6. jnswanson–The description of your day sounds so familiar.  I think a lot of us could relate to this.  I know I could.As you say so well, this is our work.  How do I handle life as it is?  (Instead of waiting for life and ministry to happen?)  Thanks so much.  Hope you will comment again.

  7. You’ve done it again, Jim. Thanks for the needed reminder. I think about my own walking-around life and realize that it IS the ministry that I am called to, and it is a gift that I will be held accountable for. Thanks for yet-another thought-provoking post.

  8. This is a quite interesting post…and, I do find a similarity of expressional thoughts when it comes to richness of authority in a church , OR  "the unfortunate have nones". A febble life observed rather…..Matthew 23:27-28  My writings on this subject many times before it seems; this type of poor ethical behavior only creates a grave insecurity before fellow parishioners–causing severity of doubts , and disengagements and withdrawlments from others.  If there is indeed such a tremendous gap between "the reality of a pastors true life; his childrens involvements-and the wifes".  Yipes. Perhaps this church might assume a responsibility too proper Christian continual  education…… before casting anymore doubts , and ferocious critisiums continual on others.  This is incrediably unfortunate, but, is so often seen in huge undesirable forms to say the least.  This sort of  hinderance suggests a great damper relationally on the "Truly gifted with their own Ministries" often entailed .  Sad, but true.  I do believe individually  we are our own ministry-Our lives–each one–God creates for a purpose-called His.  Whether frownd upon by some insignificant leaders-sometimes they almost seem too want to hide the gifted-like a closet case; rather than in a light to help and encourage others perhaps dying from the inside out….sad.      As for Lawyers!….I recently heard at Willow Creeks Community Church,  an incrediable speaker -unbelievably brilliant with a testimony of "Why" he works/lives to protect the oppressed-the abused-trafficted child without a choice, living a life of fear. An amazing ministry he has ….. an amazing leader he is!  Impressed I was for His work beyond wonder…great disciple -a lawyer, go figure for God this man is!  Wow!  Blew my socks off!!!!! Again!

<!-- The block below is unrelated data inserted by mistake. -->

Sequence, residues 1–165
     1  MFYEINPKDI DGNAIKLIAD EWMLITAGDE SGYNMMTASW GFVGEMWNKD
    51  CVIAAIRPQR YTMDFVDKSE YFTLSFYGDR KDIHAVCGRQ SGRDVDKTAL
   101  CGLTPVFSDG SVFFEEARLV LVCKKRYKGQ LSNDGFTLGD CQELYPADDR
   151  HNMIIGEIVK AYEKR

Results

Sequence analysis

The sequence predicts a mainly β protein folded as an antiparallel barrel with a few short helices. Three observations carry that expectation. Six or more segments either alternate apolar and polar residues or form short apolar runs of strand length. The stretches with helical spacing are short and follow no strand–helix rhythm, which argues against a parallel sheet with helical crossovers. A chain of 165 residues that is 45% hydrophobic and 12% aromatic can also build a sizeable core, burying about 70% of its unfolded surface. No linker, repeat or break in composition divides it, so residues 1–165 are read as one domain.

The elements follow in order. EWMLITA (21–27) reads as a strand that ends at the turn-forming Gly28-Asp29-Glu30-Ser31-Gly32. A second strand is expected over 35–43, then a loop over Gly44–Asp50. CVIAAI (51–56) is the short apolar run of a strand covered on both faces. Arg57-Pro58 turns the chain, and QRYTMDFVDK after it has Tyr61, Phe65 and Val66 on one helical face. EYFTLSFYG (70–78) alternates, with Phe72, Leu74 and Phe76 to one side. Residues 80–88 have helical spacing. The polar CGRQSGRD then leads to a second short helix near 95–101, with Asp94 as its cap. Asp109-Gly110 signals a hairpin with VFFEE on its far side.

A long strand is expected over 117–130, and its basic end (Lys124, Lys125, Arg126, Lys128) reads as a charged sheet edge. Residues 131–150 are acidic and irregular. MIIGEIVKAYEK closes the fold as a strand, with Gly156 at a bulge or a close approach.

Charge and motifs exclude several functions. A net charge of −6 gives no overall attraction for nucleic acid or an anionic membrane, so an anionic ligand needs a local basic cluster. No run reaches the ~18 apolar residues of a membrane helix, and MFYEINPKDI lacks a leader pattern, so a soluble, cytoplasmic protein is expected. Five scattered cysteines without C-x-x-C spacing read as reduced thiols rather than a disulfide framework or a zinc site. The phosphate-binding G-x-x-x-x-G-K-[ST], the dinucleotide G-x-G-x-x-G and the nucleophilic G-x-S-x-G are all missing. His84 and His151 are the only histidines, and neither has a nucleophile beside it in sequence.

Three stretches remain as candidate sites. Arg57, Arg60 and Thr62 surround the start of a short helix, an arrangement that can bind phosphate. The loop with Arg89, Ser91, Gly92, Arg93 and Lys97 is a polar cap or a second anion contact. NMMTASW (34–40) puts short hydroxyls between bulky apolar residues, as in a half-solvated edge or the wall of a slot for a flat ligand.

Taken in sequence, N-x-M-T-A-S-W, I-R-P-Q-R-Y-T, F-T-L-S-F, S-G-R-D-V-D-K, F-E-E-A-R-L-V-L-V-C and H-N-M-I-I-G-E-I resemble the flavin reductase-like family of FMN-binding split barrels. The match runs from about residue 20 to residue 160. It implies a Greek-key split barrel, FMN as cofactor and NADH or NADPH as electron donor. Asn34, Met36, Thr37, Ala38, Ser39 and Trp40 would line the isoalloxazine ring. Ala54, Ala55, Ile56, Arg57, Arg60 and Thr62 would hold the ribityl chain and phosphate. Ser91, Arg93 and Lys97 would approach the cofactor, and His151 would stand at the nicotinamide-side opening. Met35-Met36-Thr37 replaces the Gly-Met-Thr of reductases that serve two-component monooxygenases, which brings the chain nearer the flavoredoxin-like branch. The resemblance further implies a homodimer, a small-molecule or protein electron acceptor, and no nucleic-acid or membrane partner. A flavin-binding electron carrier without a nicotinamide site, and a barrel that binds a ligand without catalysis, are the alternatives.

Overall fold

9. I’ve not read all the comments, so I hope I’m not repeating something already stated, but a huge difference I think this would make would be to move the focus from institutional maintenance to personal ministry. Now that I’ve stepped out of the pulpit and been to numerous churches in search of a church family where we can be used in ministry, I’ve noticed so much energy expended just to maintain systems and make sure people know why we believe what we believe and why we do what we do. I suppose there is a place for that, but I’m really not seeing it these days.Hope you and your family have a wonderful Christmas season, Jim. Thanks for all you’ve done through this blog to challenge and encourage me. I love and appreciate you, brother!

  10. Linked to you again, Jim. Your topic is pivotal and yet often only noticeable to those on the "outside". Why is it that those who are more in touch with the non-churchy folk are sometimes suspect to those who are "really doing ministry"?I am a discipler serving in a church setting as well as being a part-time chaplain at a secular university and having a women’s refuge in my home. The non-churchies at the uni don’t give a bean about what I do with the church, but they see credibility in my life because I give a leg-up to women who are in transition or rehab. Recently a run in with malignant melanoma gave me opportunities to talk about mortality with the good folks at the uni. How I responded to the unknowns of the diagnosis was far more important than my seminary degree or theological stance on anything. It’s what New Zealanders call, "the coal face", the nitty gritty reality of life everyday. They watch me, everyday, to see if I understand the realities they face. Then they’ll listen, but only if my vocab fits their context. I love the Church, but the salt and light need not be focussed there.Thanks, Jim, for validating the ministries of so many effective Kingdom servants who draw their salary from non-church sources.

  11. Rahab,Thank you for your comment.  You made some very, very good points.  In particular, I want to thank you for your report regarding this lawyer’s presentation at Willow Creek.  Very encouraging.

  12. Jill,What a wonderful comment!  I am very glad to hear about your life and ministry.   Sounds like you have a powerful ministry both in the church and at the university.Sorry to hear about your bout with melanoma.  I was encouraged as I read that you used even that time to be salt and light before others.Again–a wonderful comment!

  13. So all these bumper stickers are true.
    Be the change you seek.
    We don’t care how much you know until we know how much you care.
    Interuptions to our work are our work.
    I can’t hear what you say because I’m seeing what you do.

    • Larry,
      So good to hear from you! I like what you said here– “Interuptions to our work are our work.” Well said! Thanks so much. I hope you are doing well.